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Targeting Families and Fathers to Improve Youth and Caregiver Mental Health in Low Resource Global Settings
Targeting Families and Fathers to Improve Youth and Caregiver Mental Health in Low Resource Global Settings
WhenMonday, Jan 14, 2019, 3:30 – 5 p.m.
WhereCCFW
3903 Brooklyn Ave NE
Seattle, WA 98105
Event typesLectures/Seminars
Event sponsorsDepartments of Psychology and Global Health
Please contact uwgmh@uw.edu with any questions
Description

Family violence and mental health are intertwined public health issues that impact youth and their caregivers. Male caregiver alcohol use can be particularly disruptive to youth and caregiver mental health and safety. Problem drinking disproportionally affects men with disabling consequences. In turn, men’s alcohol use has a cascade of negative effects on families with links to intimate partner violence, child maltreatment, and increased likelihood for youth mental health problems. These multi-level problems are often exacerbated where poverty rates are high, such as low and middle-income countries, and where strong patriarchal norms place men in positions of power. Family-focused interventions offer avenues for addressing such multi-level problems simultaneously in low resource settings. This presentation focuses on two such interventions in Kenya. First, I describe the development, evaluation, and implementation of Tuko Pamoja (Kiswahili for “We are Together”)— a family therapy intervention targeting family conflict and adolescent mental health. Tuko Pamoja was developed for the context and delivered by lay-providers in community-based settings. Pilot results suggest improved violence, relationships, and child and caregiver mental health. Second, I present a multiple baseline single case series pilot trial of an alcohol reduction and family engagement intervention for fathers with problem drinking examining implementation and effectiveness outcomes. Intervention development resulted in a brief family-focused intervention rooted in behavioral activation and motivational interviewing modified for the context and streamlined for lay providers. Both implementation and clinical outcomes were examined. Implementation outcomes demonstrated the intervention and its delivery was feasible and acceptable, including high participant satisfaction and high rates of counselor fidelity. On clinical outcomes, fathers showed significant reductions in alcohol use. Improvements were also seen in fathers’ family involvement and family-directed behaviors, as well as secondary outcomes of family functioning and mental health. Results suggest the promise of developing scalable, effective treatments that target family-level problems to improve child and adolescent mental health in low resource settings.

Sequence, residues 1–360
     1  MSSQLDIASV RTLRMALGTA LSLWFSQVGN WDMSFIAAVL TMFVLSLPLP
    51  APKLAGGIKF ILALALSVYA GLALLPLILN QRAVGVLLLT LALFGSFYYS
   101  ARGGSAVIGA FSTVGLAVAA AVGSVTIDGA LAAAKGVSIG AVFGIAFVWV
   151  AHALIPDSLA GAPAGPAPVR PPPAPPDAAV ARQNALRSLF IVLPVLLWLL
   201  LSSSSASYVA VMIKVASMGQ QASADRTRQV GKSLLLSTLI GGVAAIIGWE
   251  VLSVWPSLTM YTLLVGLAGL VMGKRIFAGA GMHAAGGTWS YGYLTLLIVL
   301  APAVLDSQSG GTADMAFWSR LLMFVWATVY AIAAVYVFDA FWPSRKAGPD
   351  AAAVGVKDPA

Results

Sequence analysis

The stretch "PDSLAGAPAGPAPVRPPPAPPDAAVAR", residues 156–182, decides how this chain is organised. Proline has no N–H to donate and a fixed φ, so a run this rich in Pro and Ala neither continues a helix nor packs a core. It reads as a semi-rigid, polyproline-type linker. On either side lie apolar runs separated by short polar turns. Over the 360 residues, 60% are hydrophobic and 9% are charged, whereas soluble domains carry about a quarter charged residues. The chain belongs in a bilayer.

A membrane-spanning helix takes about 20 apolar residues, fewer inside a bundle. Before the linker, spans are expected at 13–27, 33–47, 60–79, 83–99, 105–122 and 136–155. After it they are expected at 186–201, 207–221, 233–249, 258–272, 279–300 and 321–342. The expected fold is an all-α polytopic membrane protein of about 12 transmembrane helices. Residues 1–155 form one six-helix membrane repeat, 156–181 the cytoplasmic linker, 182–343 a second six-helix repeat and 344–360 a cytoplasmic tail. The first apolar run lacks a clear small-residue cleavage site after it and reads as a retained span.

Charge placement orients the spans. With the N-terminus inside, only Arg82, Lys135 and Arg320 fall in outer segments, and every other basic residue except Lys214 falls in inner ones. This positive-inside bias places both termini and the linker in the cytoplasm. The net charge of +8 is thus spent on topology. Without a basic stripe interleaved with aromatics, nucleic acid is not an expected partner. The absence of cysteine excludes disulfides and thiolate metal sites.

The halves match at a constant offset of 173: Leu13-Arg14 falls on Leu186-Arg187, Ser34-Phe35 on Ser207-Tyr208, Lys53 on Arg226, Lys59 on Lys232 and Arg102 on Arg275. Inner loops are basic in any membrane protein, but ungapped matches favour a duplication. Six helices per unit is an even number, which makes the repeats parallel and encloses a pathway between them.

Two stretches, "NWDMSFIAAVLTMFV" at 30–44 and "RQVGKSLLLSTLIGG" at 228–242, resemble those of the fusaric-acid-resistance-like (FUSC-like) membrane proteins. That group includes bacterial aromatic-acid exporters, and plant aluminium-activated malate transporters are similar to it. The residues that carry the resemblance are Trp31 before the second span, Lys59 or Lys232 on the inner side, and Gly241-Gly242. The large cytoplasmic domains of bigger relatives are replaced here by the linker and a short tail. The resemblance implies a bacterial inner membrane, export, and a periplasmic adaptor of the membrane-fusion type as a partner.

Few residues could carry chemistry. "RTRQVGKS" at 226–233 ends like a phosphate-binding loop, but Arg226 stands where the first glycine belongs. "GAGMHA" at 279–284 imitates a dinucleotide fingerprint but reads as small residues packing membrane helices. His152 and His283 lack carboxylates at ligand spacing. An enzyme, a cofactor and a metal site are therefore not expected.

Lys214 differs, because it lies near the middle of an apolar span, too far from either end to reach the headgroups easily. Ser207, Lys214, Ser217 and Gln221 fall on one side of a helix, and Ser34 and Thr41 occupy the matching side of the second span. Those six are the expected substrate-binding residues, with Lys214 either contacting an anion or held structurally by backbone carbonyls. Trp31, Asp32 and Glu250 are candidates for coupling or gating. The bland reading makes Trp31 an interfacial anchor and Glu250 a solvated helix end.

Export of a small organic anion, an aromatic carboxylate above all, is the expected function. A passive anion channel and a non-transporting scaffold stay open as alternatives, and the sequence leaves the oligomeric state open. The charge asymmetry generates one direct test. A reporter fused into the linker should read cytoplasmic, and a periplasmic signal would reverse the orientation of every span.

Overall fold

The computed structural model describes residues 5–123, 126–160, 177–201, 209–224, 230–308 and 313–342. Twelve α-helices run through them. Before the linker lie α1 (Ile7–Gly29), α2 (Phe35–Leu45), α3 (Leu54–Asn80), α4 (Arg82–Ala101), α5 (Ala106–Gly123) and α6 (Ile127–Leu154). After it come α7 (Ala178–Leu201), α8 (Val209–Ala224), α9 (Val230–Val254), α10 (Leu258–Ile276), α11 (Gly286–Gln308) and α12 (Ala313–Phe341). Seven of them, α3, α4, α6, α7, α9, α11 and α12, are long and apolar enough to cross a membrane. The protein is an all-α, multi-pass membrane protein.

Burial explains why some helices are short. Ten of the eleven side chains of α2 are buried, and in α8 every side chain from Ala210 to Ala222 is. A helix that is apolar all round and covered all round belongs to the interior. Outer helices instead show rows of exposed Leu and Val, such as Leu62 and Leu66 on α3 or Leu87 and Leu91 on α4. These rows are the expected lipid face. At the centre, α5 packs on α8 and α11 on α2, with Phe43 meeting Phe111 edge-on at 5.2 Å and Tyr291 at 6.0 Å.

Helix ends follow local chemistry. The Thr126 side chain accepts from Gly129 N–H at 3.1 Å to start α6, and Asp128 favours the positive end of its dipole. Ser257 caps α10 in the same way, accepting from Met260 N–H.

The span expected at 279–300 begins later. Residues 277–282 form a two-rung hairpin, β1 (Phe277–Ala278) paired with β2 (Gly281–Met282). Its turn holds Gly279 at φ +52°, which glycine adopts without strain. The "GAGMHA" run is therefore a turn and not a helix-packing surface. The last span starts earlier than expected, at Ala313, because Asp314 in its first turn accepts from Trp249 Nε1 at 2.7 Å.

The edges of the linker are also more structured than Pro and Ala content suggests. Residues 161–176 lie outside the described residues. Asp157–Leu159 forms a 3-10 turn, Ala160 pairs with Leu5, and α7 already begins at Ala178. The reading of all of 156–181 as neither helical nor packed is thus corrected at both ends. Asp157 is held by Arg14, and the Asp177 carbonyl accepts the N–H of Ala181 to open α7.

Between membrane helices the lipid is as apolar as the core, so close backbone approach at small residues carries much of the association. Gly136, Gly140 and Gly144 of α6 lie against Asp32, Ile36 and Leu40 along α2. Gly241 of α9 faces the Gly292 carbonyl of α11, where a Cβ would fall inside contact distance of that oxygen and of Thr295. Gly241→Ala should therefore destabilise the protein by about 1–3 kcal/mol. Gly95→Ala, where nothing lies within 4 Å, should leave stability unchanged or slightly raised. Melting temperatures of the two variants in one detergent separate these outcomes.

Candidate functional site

Ali Giusto is a candidate for the Population Heath Initiative Joint Hire in Psychology and Global Health. These lectures are free. No registration needed.

Q&A and light refreshment following.

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